GRSG Conference 2022: Orbit to Outcrop

Poster Title: Assessing the composition of porphyry copper tailings using visible light and long wave infrared reflectance spectroscopy

Author: Michael Denk


Tailings are fine-grained residuals from ore processing. Though often considered mine waste, such materials can contain relevant quantities of economically important raw materials. Thus, tailings storage facilities (TSF) are of increasing interest in times of high raw material demands, volatile markets and the aspiration to use existing secondary deposits. Since TSF can be difficult to access and analysing such materials is time consuming and cost-intensive, new approaches are required to aid the exploration of tailings and to reduce analytical workloads.

In this study, we compared the capability of visible light to shortwave infrared with mid- to longwave infrared spectroscopy for quantifying copper and molybdenum contents and for assessing the mineralogical composition of porphyry copper tailings. Since the presence of Cu is linked to specific particle sizes of the tailing material, we further aimed at analysing the sand, silt and clay contents for assessing the raw material potential of tailings.

The samples for this research were collected at the tailings dam of the porphyry copper mine in Erdenet, Mongolia. The TSF covers an area of approximately 7.5 km² and shows highly variable micro-morphology, wetness conditions and texture in situ, causing hetereogenous physico-chemical parameters of the deposited tailings. 170 samples were analyzed for their elementary composition using X-ray fluorescence and ICP-OES. Grain size fractions were determined with a HELOS/KR laser diffraction.

The mineralogical composition was determined using an JEOL-SEM 6300 coupled with Gen 6 Bruker Flash 6010 EDX-detector and the Bruker Esprit Feature tool. Spectral laboratory measurements of air dried and homogenized samples were conducted using a Spectral Evolution SR-3500 spectrometer (VNIR/SWIR, 0.35-2.5 µm) and an Agilent 4300 Handheld FTIR for covering the mid and longwave infrared (MWIR/LWIR, 2.5-15 µm). The spectra were corrected for unwanted scattering effects using Multiplicative Scatter Correction (MSC).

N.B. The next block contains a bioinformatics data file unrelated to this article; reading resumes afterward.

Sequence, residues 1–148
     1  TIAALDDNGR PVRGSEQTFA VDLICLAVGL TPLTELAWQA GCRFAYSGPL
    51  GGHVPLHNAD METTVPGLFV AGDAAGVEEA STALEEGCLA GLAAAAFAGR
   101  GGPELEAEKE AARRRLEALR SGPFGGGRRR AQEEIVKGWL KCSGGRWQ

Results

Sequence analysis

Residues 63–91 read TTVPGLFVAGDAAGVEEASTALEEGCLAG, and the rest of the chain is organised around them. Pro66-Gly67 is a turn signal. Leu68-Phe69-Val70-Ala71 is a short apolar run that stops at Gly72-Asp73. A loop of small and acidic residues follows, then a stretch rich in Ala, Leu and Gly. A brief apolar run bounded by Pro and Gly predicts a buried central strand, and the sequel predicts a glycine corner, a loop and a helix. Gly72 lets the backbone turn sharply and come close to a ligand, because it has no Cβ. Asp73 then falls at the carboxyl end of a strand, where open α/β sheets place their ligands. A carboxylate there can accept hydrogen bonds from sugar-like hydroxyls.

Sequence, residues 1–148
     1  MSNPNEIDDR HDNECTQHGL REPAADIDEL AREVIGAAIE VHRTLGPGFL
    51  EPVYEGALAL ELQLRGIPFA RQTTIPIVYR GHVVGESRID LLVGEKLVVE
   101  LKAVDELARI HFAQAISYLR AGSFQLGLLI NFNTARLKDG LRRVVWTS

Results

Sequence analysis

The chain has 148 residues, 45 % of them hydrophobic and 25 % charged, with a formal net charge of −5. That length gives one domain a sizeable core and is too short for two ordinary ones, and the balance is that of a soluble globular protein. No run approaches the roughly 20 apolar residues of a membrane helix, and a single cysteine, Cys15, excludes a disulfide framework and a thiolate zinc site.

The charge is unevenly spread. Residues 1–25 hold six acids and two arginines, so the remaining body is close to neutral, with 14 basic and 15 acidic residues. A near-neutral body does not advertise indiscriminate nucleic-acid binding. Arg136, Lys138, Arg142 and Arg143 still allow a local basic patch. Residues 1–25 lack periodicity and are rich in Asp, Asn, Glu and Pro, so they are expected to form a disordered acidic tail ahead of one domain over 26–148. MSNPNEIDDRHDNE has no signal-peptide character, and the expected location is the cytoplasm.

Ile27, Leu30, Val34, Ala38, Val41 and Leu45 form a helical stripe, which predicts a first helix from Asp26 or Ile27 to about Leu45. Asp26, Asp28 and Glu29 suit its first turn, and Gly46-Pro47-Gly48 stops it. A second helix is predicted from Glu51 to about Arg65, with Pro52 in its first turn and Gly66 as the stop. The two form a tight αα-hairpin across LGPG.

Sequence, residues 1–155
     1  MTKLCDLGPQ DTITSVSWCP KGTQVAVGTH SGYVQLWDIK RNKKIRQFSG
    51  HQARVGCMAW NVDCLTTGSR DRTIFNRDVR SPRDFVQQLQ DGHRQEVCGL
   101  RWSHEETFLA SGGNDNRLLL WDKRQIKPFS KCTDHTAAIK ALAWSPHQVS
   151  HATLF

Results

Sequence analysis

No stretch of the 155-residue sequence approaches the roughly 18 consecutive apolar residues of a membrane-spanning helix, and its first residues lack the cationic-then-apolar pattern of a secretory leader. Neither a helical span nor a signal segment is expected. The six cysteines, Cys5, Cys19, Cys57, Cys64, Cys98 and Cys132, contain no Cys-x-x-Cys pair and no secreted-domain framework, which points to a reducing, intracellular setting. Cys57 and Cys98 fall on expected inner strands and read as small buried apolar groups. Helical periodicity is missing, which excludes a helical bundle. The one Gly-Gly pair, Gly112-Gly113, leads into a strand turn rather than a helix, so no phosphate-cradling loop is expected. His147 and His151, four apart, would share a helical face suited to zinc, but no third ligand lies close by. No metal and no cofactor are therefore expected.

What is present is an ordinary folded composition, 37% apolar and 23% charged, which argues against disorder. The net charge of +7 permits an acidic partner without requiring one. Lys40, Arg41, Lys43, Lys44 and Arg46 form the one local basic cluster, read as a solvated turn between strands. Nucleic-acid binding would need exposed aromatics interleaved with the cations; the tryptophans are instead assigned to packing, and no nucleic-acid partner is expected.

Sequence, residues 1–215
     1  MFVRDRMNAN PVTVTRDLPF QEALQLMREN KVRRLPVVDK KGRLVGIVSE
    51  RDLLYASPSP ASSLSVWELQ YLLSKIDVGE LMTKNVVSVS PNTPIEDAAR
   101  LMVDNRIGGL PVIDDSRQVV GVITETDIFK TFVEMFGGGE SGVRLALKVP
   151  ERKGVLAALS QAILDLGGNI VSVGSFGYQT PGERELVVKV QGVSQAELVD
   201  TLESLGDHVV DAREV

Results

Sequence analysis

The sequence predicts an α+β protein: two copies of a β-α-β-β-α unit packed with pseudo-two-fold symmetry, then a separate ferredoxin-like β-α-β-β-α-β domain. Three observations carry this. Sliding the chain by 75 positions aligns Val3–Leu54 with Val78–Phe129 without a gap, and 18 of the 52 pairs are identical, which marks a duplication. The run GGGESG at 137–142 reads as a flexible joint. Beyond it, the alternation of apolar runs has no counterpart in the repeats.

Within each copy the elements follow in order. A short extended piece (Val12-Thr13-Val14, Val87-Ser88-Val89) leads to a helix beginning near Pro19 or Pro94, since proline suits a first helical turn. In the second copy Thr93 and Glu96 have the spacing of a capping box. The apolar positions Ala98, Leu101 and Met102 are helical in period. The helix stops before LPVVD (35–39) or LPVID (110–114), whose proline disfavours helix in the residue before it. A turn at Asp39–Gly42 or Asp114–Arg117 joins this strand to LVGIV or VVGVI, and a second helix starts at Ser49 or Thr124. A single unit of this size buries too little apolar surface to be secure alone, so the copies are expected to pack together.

Statistical models were calibrated using Partial Least Squares Regression (PLSR) and validated using a 20-segment random cross-validation set-up. Continuum removed spectra were parametrized to determine absorption depths and wavelength positions of absorption minima. Afterwards, these parameters were correlated with the mineral abundances.

We found comparable solid results for predicting Cu based on VNIR/SWIR as well as on MWIR/LWIR data (R²val = 0.75 and 0.77, respectively). For Mo, the results were moderate for both wavelength ranges (R²val = 0.47 and 0.51). The grain size fractions clay, silt and sand could be predicted with high accuracies (R²val = 0.84-0.94), whereas the MWIR/LWIR data provided superior models compared to VNIR/SWIR models. Furthermore, we will present results of the mineralogical analysis and our findings on semi-quantitative relations between mineral abundances and absorption feature parameters of the tailing spectra.

Our study shows that robust predictions of the copper content and grain size fractions in porphyry copper tailings can be achieved using VNIR/SWIR as well as MWIR/LWIR spectra. The spectra can be further utilized to extract valuable qualitative and semi-quantitative information on the mineral composition of such material. These results indicate that reflectance spectroscopy is a complementary tool for assessing the raw material potential of porphyry copper tailings. This can aid exploring secondary deposits and support the recovery of valuable materials.